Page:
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Former Liberian President's trial moves to the Hague

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Former Liberian President's trial moves to the Hague


The former President of Liberia has arrived in the Hague to stand trial on multiple charges of war crimes. Charles Taylor was flown to the Netherlands due to fears that his continuing presence in West Africa would provoke violence and unrest. The Hague agreed to be the venue for the trial if a third party would agree to imprison Taylor if convicted. The UK has agreed to jail him if need be.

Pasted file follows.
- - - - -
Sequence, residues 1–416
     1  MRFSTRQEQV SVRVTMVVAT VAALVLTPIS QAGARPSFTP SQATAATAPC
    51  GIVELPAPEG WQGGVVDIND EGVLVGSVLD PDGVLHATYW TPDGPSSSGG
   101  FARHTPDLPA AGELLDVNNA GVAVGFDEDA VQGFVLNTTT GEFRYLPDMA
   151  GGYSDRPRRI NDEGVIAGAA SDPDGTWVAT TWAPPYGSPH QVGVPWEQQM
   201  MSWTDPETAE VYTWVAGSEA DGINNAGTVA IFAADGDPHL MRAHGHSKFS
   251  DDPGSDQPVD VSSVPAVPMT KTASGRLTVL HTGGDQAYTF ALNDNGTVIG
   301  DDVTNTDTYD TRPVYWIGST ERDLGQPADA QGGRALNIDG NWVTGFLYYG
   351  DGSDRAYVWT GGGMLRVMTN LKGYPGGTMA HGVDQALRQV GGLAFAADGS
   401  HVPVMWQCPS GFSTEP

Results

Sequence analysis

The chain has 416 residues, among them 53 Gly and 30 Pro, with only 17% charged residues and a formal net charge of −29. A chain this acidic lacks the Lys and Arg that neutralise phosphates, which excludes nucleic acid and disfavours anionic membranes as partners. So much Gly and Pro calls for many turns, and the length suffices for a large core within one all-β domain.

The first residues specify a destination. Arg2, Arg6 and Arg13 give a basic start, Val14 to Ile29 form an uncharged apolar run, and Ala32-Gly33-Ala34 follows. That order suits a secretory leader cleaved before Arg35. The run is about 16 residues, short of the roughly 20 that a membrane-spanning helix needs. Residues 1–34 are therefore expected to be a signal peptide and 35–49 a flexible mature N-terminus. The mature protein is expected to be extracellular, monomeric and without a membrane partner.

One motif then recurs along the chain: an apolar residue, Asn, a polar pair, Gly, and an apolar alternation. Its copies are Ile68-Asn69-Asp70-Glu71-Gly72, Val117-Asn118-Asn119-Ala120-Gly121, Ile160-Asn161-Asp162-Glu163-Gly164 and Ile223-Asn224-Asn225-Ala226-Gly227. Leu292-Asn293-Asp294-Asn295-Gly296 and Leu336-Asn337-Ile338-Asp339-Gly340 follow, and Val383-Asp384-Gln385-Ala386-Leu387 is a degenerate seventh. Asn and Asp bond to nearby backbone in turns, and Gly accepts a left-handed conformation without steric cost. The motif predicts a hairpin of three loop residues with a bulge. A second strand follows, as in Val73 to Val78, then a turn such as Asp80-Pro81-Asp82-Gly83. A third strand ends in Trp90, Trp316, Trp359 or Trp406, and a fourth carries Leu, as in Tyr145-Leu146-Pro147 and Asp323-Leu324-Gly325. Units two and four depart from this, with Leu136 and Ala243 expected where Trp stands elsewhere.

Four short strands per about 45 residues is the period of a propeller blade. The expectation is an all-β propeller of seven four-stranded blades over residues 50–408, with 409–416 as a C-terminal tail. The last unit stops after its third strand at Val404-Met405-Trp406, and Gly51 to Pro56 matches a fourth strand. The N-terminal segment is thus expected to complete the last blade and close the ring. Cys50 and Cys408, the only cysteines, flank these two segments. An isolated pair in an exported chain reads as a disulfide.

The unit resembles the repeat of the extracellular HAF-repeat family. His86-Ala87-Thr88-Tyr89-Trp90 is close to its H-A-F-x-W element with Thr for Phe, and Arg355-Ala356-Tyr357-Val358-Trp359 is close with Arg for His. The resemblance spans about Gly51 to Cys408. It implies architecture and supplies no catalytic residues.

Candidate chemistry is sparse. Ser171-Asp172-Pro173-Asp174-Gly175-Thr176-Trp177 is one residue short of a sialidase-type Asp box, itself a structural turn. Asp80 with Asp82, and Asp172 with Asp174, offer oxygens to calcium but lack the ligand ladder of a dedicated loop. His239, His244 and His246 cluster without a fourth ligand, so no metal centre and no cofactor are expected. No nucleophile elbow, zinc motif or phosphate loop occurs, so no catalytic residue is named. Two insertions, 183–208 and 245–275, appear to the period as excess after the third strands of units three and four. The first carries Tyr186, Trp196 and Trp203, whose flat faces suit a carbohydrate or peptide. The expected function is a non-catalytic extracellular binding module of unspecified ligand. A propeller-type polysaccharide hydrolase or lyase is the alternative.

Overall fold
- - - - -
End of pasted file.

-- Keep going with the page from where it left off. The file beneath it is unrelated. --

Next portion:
A special UN-backed court in Sierra Leone was to try Taylor on charges that he backed rebels in the country’s civil war in the 1990’s. Officials from that court will preside over the ICC hearing. Sierra Leone was drawn into a spiral of violence along with Guinea and Nigeria after Taylor began Liberia’s civil war in 1989. It came to an end in 2003 when Taylor agreed to go into exile in Nigeria. But by then tens of thousands had died in the inter-linked conflicts. A trial could still be some months away. Taylor has yet to appoint a legal team. The rebels were notorious for their brutality – it is alleged they used machetes to maim civilians, as well killing, raping and robbing them. Many of the rebel fighters were little more than children.
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